Myth #2: Only celebrities and “beauty obsessed” people get cosmetic injectables.

An increasing number of people are incorporating cosmetic injectables into their skincare regimens. According to the American Society of Plastic Surgeons, the annual number of wrinkle reducer procedures alone has increased by a whopping 819 percent since 2000.

NYC-based dermatologist and author of The Beauty of Dirty Skin, Dr. Whitney Bowe, has also noticed a surge in demand for cosmetic injectables. “[They’re] much more common now,” she says. “My patients make standing appointments and incorporate them into their routine. Of course, as with all prescription treatments there are potential risks associated with these products, so everyone should make sure to discuss them thoroughly with their doctors before they incorporate them into their regular routine.”

Dr. Shafer adds that ladies aren’t the only ones who are going under the needle. “Men also want ways to improve their appearance and soften lines and folds that developed with age and stress,” he says. Bottom line: there’s no one “type” of person drawn to cosmetic injectables. Any adult looking to smooth or plump their skin may want to look into it.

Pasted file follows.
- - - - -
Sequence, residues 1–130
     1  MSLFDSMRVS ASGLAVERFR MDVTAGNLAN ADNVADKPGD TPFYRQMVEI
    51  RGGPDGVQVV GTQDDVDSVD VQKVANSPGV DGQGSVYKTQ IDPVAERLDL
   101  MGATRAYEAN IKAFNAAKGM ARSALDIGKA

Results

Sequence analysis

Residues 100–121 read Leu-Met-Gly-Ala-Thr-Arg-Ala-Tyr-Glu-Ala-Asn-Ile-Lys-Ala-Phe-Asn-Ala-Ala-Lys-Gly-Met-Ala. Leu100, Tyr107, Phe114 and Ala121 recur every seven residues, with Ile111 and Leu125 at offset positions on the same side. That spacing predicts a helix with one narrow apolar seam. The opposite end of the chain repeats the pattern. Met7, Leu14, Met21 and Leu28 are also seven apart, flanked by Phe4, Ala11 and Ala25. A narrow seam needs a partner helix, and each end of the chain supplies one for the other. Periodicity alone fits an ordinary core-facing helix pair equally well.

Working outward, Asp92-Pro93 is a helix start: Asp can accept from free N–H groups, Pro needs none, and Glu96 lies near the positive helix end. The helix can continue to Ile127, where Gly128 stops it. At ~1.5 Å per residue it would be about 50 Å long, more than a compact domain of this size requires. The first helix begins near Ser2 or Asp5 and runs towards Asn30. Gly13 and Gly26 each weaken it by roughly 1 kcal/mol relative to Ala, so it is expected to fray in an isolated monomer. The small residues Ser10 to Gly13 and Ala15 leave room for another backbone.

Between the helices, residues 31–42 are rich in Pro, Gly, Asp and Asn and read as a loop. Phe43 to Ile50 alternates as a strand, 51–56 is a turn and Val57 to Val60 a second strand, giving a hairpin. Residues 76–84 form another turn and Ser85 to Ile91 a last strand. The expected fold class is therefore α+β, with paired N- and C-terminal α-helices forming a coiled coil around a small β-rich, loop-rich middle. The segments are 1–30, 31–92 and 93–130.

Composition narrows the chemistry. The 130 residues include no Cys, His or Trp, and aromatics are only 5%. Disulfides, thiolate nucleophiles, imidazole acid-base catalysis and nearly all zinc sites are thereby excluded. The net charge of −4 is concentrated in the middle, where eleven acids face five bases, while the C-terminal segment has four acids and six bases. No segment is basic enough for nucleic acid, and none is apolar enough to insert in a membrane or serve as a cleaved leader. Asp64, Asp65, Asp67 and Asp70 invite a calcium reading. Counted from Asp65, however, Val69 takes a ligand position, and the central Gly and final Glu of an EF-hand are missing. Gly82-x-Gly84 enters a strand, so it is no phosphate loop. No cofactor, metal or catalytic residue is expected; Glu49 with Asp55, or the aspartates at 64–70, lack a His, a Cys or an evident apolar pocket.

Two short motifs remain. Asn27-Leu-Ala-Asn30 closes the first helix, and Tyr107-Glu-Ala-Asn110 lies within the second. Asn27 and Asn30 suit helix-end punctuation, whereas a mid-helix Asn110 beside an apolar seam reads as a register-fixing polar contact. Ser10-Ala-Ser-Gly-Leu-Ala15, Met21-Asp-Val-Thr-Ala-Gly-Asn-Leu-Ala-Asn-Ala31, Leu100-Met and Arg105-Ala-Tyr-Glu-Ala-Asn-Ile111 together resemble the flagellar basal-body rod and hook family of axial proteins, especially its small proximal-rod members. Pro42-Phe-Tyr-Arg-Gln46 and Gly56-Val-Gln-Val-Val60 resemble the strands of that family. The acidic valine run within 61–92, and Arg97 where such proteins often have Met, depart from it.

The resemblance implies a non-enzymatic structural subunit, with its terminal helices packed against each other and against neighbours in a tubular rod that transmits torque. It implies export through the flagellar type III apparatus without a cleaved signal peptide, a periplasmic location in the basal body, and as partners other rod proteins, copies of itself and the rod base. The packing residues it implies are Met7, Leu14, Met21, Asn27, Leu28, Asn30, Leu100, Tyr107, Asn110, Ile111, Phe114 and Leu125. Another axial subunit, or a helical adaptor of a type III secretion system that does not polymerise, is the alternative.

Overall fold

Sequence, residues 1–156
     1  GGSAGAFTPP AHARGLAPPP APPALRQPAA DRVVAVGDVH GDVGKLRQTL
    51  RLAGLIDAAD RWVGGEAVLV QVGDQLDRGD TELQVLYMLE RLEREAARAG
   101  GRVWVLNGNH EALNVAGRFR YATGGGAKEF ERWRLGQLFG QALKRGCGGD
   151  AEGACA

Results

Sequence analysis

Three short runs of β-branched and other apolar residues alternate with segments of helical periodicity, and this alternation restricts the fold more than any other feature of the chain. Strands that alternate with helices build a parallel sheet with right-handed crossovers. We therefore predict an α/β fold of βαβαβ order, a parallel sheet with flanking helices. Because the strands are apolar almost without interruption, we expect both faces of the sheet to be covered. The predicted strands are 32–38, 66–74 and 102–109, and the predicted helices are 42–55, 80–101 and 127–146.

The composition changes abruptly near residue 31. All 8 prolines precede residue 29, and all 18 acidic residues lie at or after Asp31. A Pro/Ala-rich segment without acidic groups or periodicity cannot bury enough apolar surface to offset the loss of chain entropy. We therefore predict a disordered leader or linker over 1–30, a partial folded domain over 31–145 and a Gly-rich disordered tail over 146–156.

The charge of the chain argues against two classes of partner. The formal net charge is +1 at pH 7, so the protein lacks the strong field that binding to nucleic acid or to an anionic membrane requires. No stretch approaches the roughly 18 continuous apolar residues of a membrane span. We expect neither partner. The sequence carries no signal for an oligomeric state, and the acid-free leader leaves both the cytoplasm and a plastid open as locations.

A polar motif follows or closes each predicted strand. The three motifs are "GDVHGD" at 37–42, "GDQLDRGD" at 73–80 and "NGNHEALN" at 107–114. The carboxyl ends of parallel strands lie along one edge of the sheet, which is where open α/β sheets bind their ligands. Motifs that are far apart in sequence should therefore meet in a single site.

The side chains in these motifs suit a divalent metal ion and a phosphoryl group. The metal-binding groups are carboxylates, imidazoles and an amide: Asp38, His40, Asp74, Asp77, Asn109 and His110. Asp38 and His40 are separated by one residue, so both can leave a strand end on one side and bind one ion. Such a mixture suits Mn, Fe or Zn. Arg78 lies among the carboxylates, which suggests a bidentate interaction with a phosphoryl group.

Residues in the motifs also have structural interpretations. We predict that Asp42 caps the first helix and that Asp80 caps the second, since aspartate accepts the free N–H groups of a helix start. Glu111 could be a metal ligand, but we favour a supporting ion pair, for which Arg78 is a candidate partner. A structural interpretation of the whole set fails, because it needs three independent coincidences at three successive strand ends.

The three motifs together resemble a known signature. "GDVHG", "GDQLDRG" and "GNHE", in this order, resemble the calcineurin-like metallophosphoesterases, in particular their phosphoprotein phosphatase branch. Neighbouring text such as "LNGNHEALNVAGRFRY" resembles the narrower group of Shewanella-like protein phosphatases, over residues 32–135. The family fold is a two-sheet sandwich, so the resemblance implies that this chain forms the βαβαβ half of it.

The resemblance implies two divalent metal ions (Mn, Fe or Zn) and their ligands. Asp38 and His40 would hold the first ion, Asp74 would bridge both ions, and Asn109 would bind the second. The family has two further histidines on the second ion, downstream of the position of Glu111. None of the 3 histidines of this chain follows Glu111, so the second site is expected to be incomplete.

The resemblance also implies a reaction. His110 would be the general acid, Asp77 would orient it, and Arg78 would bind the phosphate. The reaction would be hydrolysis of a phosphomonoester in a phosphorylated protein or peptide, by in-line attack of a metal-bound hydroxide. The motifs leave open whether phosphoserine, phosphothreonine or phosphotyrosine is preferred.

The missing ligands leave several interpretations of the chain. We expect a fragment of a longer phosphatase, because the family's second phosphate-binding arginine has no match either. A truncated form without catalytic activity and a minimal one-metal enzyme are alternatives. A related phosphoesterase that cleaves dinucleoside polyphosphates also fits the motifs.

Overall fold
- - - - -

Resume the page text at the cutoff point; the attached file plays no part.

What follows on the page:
Myth #3: Skin becomes saggier after fillers wear off.

“Many patients worry that fillers will stretch out their skin, and if they don't ‘keep up’ over time, their skin will hang like a deflated balloon,” shares Dr. Bowe. “In reality, that’s just not true.”

Myth #4: It doesn’t matter who performs your injections, as long as he or she is a doc.

You might want to hold off on the Groupons unless you’ve really done your research: Aesthetically speaking, the skill level of the injector is just as essential to consider as the substance you choose to inject.

“One of the most important things is to go to a well-qualified and experienced injector such as a board certified plastic surgeon,” cautions Dr. Shafer, who trains other doctors and sees a broad range of injection skill levels. Dr. Hale’s advice: “choose a physician who looks natural themselves.” 

Other ways to do your homework: read online reviews, which can often give you info on experiential factors including a doctor’s bedside manner and the clinic facilities. Additionally, social media can be a great way to view a doctor’s work (a picture is worth 1,000 words in this case!).